- Guatemala: $19 million of Guatemala’s $25 million in exports were coffee, while $3 million was in bananas. In Guatemala, they (particularly United Fruit) had complete control of all railroads except a few kilometers, one-fifth of the country’s territory, the top bank, several significant enterprises and the largest utility company (American and Foreign Power owned by General Electric).
Central America as a whole would face devastation if the cost of coffee and bananas suddenly decreased in global markets. Since they had gained so much power in Central America, many American investors would share in the catastrophe. This is what happened multiple times when the US was involved in other international conflicts, particularly World War I and World War II. The Central American industries were devastated, leaving millions in deep poverty because, in times of war, the U.S. no longer needed coffee and bananas. This pushed the local governments to bring on more debt (borrowed from the U.S.) and become even more dependent on the U.S., essentially enslaving them.
Roosevelt declared in 1905 that the United States would henceforth act as the policeman to maintain order in the Western Hemisphere, but that term allowed U.S. presidents to intervene according to any criteria they were creative enough to devise.1 These reasons included ensuring investments, securing the canal, acting as a “natural protector” and replacing the declining presence of the British. This opened the door for the U.S. to take their military into the region, with no other power to stop them. By that time, anyway, more serious problems were starting to broil in Europe, with World War I just around the corner …2
To defend the resources the United States had captured in Central America through the corporate acquisition of nations, the U.S. government had to increase its political influence in the region. This is how a century of U.S. military engagement, political involvement, manipulation, creation and funding of gangs and militia started.
Let’s not be mistaken in thinking they are not using the same influence today. Laura Jane Richardson is a general in the United States Army who is the commander of the United States Southern Command. She recently said the following, talking about Latin America3:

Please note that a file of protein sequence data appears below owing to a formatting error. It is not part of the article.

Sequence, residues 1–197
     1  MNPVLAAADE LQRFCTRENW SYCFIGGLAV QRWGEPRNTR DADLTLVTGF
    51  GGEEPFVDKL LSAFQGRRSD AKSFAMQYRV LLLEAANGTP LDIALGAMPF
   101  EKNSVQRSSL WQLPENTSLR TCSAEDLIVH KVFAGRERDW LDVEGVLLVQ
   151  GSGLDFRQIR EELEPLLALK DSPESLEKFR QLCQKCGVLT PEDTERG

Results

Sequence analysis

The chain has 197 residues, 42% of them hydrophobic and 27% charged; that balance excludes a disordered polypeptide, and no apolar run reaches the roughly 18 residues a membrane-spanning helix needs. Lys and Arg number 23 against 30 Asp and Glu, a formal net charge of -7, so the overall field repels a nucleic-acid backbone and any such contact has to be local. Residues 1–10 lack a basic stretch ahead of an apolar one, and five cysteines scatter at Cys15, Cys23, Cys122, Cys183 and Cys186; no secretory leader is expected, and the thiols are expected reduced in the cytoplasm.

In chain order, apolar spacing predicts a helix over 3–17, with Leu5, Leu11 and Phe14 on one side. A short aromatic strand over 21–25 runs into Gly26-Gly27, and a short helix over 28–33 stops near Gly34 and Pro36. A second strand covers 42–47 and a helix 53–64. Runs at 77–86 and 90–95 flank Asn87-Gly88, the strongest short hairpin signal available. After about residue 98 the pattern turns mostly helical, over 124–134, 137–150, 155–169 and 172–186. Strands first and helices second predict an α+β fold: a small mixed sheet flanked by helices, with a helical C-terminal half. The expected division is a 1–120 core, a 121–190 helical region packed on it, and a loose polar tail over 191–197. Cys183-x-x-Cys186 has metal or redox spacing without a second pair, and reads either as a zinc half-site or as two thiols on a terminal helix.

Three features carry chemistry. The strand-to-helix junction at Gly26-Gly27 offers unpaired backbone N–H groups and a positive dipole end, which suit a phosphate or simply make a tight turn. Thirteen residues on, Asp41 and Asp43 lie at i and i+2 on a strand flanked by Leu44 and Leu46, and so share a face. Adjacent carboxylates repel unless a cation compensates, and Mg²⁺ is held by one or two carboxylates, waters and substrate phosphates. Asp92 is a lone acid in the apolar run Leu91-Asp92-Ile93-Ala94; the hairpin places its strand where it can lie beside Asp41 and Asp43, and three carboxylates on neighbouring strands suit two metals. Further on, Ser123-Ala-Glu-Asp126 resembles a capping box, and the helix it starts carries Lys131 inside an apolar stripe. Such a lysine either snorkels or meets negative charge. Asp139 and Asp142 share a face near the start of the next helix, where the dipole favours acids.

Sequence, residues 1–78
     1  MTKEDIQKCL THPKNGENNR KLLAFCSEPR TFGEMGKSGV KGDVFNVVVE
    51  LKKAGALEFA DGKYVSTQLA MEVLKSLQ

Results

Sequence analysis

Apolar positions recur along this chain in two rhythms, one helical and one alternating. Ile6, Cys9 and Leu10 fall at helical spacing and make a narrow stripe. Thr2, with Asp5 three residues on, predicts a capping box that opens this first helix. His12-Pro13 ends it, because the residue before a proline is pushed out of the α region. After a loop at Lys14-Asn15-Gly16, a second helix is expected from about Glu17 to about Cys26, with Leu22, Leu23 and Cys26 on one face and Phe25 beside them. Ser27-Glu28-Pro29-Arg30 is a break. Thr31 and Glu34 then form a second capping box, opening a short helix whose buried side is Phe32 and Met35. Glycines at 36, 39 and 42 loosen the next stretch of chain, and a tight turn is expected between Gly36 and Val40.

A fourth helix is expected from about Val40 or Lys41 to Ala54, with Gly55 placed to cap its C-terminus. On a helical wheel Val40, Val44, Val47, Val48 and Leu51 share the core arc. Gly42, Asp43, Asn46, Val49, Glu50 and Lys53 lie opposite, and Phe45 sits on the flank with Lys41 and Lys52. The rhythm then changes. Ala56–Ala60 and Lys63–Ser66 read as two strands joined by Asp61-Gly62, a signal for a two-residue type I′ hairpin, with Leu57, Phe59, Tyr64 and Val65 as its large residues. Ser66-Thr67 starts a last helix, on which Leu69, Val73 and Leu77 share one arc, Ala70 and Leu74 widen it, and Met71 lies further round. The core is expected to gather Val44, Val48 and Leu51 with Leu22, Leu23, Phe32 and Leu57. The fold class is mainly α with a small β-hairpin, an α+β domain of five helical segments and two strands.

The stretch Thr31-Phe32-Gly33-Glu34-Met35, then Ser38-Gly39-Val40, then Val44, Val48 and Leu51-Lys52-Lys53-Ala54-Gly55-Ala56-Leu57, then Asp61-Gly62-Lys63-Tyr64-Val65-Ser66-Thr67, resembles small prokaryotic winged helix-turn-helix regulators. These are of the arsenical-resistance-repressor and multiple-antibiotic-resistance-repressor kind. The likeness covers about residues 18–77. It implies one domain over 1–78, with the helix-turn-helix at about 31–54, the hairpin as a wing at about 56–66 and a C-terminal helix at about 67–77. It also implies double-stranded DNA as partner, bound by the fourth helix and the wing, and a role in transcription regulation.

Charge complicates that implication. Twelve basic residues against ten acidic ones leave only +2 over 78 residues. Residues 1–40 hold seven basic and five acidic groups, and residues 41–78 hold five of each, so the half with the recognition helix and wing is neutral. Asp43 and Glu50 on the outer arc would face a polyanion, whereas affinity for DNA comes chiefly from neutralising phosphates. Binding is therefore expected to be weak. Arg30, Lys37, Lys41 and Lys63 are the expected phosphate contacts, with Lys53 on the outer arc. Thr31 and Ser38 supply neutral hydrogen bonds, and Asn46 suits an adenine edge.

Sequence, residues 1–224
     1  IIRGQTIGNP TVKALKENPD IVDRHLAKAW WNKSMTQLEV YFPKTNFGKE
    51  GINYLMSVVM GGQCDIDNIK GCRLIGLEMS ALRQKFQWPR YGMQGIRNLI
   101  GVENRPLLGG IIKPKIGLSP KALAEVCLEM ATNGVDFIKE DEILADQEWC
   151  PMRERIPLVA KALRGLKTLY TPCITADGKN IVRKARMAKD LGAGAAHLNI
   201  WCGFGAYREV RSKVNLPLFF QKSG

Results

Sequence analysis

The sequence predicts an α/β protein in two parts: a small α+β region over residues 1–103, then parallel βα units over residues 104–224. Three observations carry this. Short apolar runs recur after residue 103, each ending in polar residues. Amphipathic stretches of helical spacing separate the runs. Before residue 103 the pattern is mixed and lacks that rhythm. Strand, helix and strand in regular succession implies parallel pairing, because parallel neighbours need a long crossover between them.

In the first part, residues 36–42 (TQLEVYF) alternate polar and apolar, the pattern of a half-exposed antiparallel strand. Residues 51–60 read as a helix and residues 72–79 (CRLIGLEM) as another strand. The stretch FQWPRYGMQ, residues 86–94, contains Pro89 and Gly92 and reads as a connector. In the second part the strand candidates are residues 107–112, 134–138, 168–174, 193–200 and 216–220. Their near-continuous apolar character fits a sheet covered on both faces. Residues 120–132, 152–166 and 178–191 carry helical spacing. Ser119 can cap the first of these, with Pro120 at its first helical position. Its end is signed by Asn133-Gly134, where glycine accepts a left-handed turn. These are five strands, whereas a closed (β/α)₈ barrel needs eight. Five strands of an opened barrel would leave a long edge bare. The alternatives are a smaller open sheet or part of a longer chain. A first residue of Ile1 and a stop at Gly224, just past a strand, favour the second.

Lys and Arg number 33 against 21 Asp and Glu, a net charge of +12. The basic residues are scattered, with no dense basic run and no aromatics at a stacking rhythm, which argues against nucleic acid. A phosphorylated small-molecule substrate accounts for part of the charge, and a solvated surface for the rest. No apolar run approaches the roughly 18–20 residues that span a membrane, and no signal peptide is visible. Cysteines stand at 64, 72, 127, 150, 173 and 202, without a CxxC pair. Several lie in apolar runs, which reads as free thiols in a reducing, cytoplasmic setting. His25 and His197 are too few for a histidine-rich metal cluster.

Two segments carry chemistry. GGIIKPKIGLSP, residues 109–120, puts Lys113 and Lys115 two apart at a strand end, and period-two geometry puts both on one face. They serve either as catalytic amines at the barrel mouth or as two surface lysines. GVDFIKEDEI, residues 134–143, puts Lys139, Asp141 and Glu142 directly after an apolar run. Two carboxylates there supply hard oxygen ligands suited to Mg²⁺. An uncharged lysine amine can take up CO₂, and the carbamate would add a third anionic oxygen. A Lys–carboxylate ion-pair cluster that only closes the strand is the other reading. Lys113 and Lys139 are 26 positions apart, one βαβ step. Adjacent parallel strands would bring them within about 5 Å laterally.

“This region is so rich in resources it’s off the charts rich. And they have a lot to be proud of. And our competitors and adversaries also know how rich in the resources that this region is. Sixty percent of the world’s lithium is in the region. You have heavy crude, you have light sweet crude, you have rare earth elements. You have the Amazon, which is called the lungs of the world, you have 31 percent of the world’s fresh water here in this region. And there are adversaries that are taking advantage of this region every single day – right in our neighborhood. And I just look at what happens in this region in terms of security impacts our security, our national security in the homeland and the United States. We need to strengthen our neighborhood and we need to realize how resource-rich this neighborhood is and how close our competitors and our adversaries are in the region.”
Max Keiser pointed out the hypocrisy of these words in a recent “Max & Stacey Report,” mentioning her words are a lure to bring these countries closer and repeat what the U.S. has done in the past — take control of their resources: “What about the CIA hit squads sent down to El Salvador in the 1980s? What about the coups in Central America and Latin America for decades? […] She keeps saying that we just want to be your friend, we’re friendly, we’re partners, trust us, you know we’ve always been your friend, we’ve always been here for you and those are such egregious lies.”4
Bitcoin is a property defense system that doesn’t require brute physical force. If the resource-rich nations of Central and Latin America can be put to good use through Bitcoin mining, the countries of the region have the opportunity of building a strong, independent, and modern industry that cannot be taken away from them and can secure their sovereignty. It can allow these countries to secure a new source of income at home, directly paid in a currency that can be transported instantly around the world to trade with any nation, beyond the limits of a single strong nation like the United States that will enslave them economically given the opportunity.
El Salvador is trying to lead the way by opening up its natural resources to provide energy to Bitcoin miners. This gives a strong new industry to benefit from financially, but can also allow the country to produce a surplus of energy. In fact, it is happening already: “CEL President Daniel lvarez confirmed that the country exported 595,537.2 megawatt hours (MWh) between January and July of this year, which is 390,580.52 MWh more than the previous year’s total of 204,959.68.”5
The abundance of energy is a proven way to bring prosperity to society. El Salvador, if left alone to develop in this direction, could become one of the fastest developing countries in the world.
- Walter LaFeber, “Inevitable Revolutions: The United States in Central America” 1983
- MAX & STACEY REPORT: https://www.youtube.com/watch?v=tgoRQtE8YBQ&ab_channel=MAX%26STACYREPORT
This is a guest post by Pierre Corbin. Opinions expressed are entirely their own and do not necessarily reflect those of BTC Inc. or Bitcoin Magazine.